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29 April 2004

Court Hears Case on U.S. Detainees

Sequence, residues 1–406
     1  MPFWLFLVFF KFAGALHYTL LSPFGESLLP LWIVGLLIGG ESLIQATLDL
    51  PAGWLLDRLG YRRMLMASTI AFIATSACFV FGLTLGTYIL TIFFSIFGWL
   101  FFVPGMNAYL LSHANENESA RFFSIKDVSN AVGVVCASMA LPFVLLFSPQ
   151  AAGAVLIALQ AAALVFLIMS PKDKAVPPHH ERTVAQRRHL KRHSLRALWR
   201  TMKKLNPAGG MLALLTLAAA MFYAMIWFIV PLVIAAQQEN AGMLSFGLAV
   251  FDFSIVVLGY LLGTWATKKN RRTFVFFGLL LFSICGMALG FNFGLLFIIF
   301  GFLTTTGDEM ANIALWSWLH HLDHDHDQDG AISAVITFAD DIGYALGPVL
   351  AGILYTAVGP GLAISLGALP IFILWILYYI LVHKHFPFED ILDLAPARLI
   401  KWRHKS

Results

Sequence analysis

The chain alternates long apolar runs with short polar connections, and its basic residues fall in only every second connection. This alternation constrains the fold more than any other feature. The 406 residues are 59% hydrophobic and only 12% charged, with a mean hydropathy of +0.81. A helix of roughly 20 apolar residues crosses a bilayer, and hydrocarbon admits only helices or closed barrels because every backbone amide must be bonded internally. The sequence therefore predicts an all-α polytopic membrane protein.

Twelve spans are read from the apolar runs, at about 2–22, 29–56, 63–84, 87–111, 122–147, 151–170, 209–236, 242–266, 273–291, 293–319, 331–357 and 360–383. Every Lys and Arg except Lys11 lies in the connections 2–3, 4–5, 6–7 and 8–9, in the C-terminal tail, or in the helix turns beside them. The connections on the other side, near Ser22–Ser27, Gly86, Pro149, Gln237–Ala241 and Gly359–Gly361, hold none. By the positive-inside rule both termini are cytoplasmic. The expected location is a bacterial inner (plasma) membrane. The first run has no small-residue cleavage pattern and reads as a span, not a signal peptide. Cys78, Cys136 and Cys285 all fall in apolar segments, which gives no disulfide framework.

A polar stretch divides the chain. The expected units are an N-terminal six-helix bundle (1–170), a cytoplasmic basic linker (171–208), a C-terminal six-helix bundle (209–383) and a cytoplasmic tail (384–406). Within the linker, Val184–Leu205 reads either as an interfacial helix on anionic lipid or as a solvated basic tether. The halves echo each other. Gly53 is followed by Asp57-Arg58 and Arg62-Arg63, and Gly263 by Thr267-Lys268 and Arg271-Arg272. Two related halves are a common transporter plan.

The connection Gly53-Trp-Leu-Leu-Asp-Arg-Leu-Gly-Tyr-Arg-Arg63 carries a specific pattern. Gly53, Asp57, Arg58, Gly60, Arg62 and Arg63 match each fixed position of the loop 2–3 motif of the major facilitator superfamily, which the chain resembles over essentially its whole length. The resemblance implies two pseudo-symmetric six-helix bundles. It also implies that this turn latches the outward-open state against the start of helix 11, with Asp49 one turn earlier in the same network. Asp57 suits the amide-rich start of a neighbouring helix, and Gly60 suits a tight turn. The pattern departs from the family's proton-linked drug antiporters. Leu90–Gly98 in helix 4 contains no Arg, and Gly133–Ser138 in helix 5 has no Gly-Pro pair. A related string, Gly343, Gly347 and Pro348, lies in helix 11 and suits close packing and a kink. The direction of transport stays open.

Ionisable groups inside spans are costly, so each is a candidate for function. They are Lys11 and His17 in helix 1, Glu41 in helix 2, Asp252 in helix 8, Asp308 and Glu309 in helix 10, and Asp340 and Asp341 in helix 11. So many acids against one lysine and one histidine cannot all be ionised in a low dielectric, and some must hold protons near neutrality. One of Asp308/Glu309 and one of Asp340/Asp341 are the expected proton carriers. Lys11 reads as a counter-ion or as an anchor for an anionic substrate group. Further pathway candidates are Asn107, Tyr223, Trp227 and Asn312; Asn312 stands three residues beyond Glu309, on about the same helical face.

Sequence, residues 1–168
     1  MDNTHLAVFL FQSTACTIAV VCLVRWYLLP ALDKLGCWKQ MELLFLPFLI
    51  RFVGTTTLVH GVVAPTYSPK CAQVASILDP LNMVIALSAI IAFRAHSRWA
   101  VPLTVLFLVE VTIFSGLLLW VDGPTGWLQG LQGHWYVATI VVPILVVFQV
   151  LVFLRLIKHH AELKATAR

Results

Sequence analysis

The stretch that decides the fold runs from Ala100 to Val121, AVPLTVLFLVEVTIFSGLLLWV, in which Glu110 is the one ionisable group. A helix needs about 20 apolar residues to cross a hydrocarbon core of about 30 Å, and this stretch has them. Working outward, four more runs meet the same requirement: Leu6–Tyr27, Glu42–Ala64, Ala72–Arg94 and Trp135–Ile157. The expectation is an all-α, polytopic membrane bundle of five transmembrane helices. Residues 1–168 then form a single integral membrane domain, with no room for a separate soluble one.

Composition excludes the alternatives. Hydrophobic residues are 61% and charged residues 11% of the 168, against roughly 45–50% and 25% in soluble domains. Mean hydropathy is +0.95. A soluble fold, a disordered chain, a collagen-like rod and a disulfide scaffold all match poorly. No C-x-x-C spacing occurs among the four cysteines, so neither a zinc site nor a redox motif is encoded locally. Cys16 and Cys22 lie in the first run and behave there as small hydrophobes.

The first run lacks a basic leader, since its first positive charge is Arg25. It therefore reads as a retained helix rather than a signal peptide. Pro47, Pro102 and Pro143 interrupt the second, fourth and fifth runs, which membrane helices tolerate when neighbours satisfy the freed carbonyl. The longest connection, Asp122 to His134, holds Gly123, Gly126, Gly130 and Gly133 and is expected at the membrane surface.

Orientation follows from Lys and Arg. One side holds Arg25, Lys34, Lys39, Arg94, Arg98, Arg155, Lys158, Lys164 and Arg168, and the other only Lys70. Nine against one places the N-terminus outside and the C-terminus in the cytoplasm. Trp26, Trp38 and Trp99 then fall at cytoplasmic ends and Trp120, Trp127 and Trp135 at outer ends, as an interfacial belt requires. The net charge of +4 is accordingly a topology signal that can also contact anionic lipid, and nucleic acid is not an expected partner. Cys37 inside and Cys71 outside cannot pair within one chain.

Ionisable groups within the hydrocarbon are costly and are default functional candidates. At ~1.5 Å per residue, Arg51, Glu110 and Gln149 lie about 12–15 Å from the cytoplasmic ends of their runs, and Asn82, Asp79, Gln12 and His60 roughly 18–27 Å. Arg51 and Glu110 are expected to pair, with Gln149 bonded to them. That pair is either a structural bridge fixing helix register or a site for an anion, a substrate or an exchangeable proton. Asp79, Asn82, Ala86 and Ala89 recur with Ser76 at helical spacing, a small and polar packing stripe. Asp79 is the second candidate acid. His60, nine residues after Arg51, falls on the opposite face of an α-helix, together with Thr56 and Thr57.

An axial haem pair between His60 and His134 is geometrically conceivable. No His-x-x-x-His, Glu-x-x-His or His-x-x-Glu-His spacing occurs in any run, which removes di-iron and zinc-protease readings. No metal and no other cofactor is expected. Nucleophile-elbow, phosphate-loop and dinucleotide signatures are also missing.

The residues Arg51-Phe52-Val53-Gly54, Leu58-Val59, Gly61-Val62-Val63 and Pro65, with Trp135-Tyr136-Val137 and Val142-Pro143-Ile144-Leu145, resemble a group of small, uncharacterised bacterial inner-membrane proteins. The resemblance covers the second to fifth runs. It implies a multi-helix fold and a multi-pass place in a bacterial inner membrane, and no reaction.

The New York Times has an almost blow-by-blow account of the arguments before the US Supreme Court on the question of the legality of "indefinite detention". This case is about US citizens, rather than non-citizens such as those held at Camp Delta in Guantanamo Bay, Cuba. The Supremes heard that case last week, but decisions have not been handed down at this point. It is striking how disingenuous and cynical some of the government's arguments are in this case. For example, when asked by Justice Sandra Day O'Connor why a "neutral decision maker" could not have been used to screen detainees before they were committed to detention, government attorney Paul D. Clement said 'the potential detainees' initial screening, sorting those to be held from those who need not be, met that requirement. "For all intents and purposes, that is a neutral decision maker," he said.' Excuse me? Then Justice Ruth Bader Ginsburg asked why the detainees were not given a forum to explain themselves, and Clement replied "The interrogation process itself provides an opportunity for an individual to explain that this has all been a mistake." (Note that in earlier cases the government's legal team saw no reason why torture in interrogation should not be permitted in certain cases. Hey it worked for centuries in the past - like the 12th through the 17th centuries. Why forsake a proven formula?) This government demonstrates over and over again that they hold most of the world and its institutions in contempt and clearly think they can and are entitled to get away with literally anything.

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